2. "I fight back"
"....doing things that nobody thought possible, despite the never ending and corrupt Russia Investigation, which takes tremendous time and focus. No Collusion or Obstruction (other than I fight back), so now they do the Unthinkable, and RAID a lawyers office for information! BAD!" - April 11, 2018
In this tweet, Trump appears to acknowledge that the actions that some have construed as potential obstruction of justice are actually just him "figh[ing] back." But that's also him acknowledging that he's acting in his own self-interest - rather than for other, less obstruction-y reasons like promoting good government.
The tweet echoed a January interview with ABC News in which Trump explained, "You fight back. Jon - you fight back," Trump said, before mockingly quoting his opponents: " 'Oh, it's obstruction.' "
Given all that, it's totally reasonable to ask whether events like firing Comey were Trump "fighting back" - rather than getting rid of an FBI director who had lost the faith of his agency, which was the initial explanation.
This is Lester Holt interview-esque.
3. The Sessions tweet
4. "Expose what they are doing"
"No Collusion, No Obstruction - but that doesn't matter because the 13 Angry Democrats, who are only after Republicans and totally protecting Democrats, want this Witch Hunt to drag out to the November Election. Republicans better get smart fast and expose what they are doing!" - July 21, 2018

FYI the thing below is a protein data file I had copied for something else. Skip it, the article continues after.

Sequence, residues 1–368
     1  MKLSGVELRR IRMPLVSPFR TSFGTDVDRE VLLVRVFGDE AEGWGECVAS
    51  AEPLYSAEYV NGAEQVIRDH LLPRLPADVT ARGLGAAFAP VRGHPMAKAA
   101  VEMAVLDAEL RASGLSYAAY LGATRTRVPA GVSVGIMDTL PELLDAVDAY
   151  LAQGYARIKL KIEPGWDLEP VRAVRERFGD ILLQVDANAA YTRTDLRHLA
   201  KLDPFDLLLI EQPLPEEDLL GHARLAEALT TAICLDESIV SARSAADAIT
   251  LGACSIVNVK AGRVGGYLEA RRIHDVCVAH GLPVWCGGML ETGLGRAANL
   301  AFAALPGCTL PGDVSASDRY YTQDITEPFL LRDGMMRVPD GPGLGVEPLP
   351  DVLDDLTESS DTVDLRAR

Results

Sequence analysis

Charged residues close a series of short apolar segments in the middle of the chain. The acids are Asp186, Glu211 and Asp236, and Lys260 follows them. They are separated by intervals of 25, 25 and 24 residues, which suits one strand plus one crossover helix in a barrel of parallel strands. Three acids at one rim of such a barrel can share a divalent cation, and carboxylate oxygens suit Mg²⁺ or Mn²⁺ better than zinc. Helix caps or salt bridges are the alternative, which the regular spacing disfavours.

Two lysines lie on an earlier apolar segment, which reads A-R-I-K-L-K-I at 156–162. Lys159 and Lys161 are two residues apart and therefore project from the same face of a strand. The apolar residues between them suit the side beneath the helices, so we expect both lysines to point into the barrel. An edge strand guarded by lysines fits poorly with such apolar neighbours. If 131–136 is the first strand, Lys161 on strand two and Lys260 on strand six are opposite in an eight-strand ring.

It's one thing to decry the "witch hunt"; it's another to issue a call for action against it. Much like Trump calling for Russia to hack Hillary Clinton could be a key moment in the collusion investigation, calling for Republicans to "expose what [Mueller's investigators] are doing" sounds a lot like he's trying to damage the investigation.
Perhaps he would argue that's justifiable and it would be based on facts, but it's still an effort to impact the investigation.
5. The attacks on Mueller's team
There are almost too many to list here, but Trump has regularly attacked figures involved in the Mueller probe, up to and including the man overseeing it, Deputy Attorney-General Rod J. Rosenstein, and Mueller's lawyers.
"Much of the bad blood with Russia is caused by the Fake & Corrupt Russia Investigation, headed up by the all Democrat loyalists, or people that worked for Obama. Mueller is most conflicted of all (except Rosenstein who signed FISA & Comey letter). No Collusion, so they go crazy!" - April 11, 2018
"Is Robert Mueller ever going to release his conflicts of interest with respect to President Trump, including the fact that we had a very nasty & contentious business relationship, I turned him down to head the FBI (one day before appointment as S.C.) & Comey is his close friend." - July 29, 2018
"I am being investigated for firing the FBI Director by the man who told me to fire the FBI Director! Witch Hunt" - June 16, 2017
Every person has the right to defend themselves publicly, but as the Starr Report showed, a president's misleading public statements can be used against them.
And maliciously attacking the credibility of investigators could conceivably play into this.